European pressure group calls for the closure of all ‘small’ regional airports that can’t make a profit; such facilities are key for corporate travel and regional development

The assault on the air transport industry by environmental pressure groups is relentless. Buoyed by the impact made by recent demonstrations organised by Extinction Rebellion which closed down central London for a week and by statements made by politicians in France and Norway which advocated placing limitations on the number of flights, pressure group Transport & Environment (T&E) recently weighed in to the debate and keeping the bandwagon rolling.

T&E says its mission is to promote, at European Union and global level, a transport policy based on the principles of sustainable development. “Transport policy should minimise harmful impacts on the environment and health, maximise efficiency of resources, including energy and land, and guarantee safety and sufficient access for all,” it says.

The global aviation industry produces 2-3% of all human-induced carbon dioxide (CO2) emissions and that figure isn’t growing, but the industry is. It is currently responsible for 12% of CO2 emissions from all transport sources, but is going to significant lengths to minimise its impact. Latest generation jet aircraft are over 80% more fuel efficient than those in the 1960s and USD1 trillion has been spent on 12,000 new aircraft this decade.

T&E’s proposal now is that small European airports that cannot achieve profitability within five years should be closed down. These airports provide vital connectivity into regions, support regional economies and are well supported by corporate business travel.

The proposal raises more questions than provides an environmental answer. Does it refer to public ones? Private ones? Public-private ones? Airports owned by foreign entities? And shut down by whom exactly? Individual governments? The European Union? But, ultimately why should profitability be the determinant factor?

Apart from the fact that an airport could be in the red for five years and then produce a thumping profit in the sixth to be spent wholly on de-icing runs-off, electric cars and bicycle lanes, surely the most important factor surely is how comprehensive its environmental policies are.

And don’t forget that the biggest “culprits” are often the larger airports. Is it coincidence that even now London Heathrow airport’s third runway is still not set in stone, as it battles to ward off ever more legal challenges to the runway that are based on environmental arguments (and not just noise, amongst the major concerns are pollution caused by road traffic)?

Even the Department for Transport has suggested recently that the runway may not be justifiable under existing environmental regulation, having had over five years to consider that possibility and that is even after Heathrow officials have bent over backwards to accommodate every environmental demand thrown at it.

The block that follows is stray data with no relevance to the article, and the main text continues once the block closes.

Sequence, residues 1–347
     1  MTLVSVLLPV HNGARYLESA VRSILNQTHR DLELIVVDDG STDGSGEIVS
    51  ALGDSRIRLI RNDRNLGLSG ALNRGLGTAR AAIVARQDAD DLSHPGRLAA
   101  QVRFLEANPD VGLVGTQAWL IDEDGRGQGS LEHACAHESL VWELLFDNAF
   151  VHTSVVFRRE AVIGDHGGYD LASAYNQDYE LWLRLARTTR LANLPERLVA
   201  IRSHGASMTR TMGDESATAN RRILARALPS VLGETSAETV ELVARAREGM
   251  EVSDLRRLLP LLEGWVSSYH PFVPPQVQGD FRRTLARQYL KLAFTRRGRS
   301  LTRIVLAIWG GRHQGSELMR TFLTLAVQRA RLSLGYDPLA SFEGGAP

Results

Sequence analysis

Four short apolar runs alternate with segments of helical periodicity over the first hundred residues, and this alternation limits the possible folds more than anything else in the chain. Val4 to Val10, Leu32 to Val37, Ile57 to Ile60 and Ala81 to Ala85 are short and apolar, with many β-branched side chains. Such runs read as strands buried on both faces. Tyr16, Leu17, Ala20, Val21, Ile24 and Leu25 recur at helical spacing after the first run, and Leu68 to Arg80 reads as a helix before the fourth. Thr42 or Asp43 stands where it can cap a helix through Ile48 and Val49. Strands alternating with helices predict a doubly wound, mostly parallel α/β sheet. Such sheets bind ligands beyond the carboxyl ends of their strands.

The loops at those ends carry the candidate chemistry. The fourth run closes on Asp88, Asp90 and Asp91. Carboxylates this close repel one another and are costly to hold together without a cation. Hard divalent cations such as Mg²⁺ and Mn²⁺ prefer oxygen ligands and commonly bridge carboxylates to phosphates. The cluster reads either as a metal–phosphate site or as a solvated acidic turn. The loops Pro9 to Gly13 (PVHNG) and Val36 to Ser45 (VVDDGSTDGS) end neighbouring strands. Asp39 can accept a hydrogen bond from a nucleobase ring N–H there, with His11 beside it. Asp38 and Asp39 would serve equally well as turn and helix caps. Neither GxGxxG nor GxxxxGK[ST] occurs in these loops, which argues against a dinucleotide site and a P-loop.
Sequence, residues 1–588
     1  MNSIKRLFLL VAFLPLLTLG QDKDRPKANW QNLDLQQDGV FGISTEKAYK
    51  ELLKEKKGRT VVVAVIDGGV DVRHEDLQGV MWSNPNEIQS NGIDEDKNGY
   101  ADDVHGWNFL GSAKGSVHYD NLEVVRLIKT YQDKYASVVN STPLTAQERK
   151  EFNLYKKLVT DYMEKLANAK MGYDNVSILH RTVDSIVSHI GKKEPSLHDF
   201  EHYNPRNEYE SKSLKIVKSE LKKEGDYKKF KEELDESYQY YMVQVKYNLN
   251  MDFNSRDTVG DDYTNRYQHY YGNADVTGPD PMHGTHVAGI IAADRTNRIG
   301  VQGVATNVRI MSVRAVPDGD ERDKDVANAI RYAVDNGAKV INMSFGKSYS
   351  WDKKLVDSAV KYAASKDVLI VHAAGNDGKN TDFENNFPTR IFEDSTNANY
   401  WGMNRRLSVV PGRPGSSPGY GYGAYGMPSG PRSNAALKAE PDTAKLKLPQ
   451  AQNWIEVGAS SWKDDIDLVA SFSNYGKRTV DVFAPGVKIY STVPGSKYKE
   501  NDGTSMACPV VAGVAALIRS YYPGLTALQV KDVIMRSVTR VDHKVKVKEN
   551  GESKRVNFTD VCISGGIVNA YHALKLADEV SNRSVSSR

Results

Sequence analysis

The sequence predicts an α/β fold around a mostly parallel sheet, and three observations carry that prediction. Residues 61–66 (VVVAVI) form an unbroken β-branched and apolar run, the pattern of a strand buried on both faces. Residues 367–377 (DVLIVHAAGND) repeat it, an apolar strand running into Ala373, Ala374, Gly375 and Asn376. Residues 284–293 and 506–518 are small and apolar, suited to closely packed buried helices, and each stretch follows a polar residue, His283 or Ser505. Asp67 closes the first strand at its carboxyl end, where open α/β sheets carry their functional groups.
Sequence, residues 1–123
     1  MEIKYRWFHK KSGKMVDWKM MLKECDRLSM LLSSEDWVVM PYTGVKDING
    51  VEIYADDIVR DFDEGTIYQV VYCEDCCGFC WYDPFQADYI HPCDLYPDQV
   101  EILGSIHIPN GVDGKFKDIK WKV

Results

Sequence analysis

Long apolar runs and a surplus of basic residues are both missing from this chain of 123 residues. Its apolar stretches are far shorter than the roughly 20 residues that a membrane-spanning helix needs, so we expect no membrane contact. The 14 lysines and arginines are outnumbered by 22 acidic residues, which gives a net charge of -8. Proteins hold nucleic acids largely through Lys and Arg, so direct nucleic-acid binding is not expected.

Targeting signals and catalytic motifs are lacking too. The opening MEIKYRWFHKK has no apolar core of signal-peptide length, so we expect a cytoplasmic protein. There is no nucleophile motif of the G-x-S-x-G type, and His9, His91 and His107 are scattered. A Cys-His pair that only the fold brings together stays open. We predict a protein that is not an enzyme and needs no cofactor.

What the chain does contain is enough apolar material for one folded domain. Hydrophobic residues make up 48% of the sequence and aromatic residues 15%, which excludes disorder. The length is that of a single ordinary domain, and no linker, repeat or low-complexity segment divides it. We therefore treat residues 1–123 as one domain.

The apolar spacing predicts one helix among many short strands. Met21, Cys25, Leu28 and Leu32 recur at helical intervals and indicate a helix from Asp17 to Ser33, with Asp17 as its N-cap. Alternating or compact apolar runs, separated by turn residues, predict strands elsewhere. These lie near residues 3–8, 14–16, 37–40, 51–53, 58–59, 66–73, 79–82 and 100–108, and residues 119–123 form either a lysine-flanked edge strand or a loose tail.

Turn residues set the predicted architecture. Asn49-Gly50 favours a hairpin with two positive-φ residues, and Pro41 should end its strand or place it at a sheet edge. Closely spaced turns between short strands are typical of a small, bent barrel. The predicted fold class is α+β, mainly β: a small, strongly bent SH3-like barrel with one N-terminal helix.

Airports Council International (ACI) Europe was quick to take aim at T&E’s statement. ACI Europe said its study is based on an “erroneous interpretation” of current EU guidelines on state aid for the aviation sector (something else T&E has argued against) and a “total disregard for the societal value of air connectivity”.  It argued regional airports “serve as a lifeline for their communities” by providing essential air services and economic and social integration through air connectivity.

They most certainly do in remote parts of countries like Sweden, Norway, and Iceland, in fact all of the Nordic countries including Greenland, melting ice caps or not. Also in Greece and anywhere else where there are islands, such as the Canaries, Balearics, Azores, Cape Verde and so on. It would be almost impossible to get around Cape Verde without air travel, there are only a handful of ferries as an alternative and they pollute more anyway.

One does suspect that T&E’s thinking is only of downtown airports like London City and Stockholm Bromma, which regularly attract adverse pollution-related criticism, whether justified or not, rather than the bigger picture. ACI adds that EU guidelines “purposely support the vital role” of smaller regional airports in regional development. And as regional airports only account for 3% of total EU air traffic, closing them would have a “negligible impact” on reducing CO2 emissions.

ACI Europe concluded: “Calling for the closure of all small regional airports on account that they are structurally not profitable… would not only isolate but also alienate regional communities, with considerable economic, social, political negative impacts”.

Munich airport’s soon to depart CEO Dr Michael Kerkloh said recently that air transport is “being democratised”, adding: “It’s now a commodity for the younger generations, a standard element of many lifestyles.” These generations will ultimately decide the path for the industry’s future.

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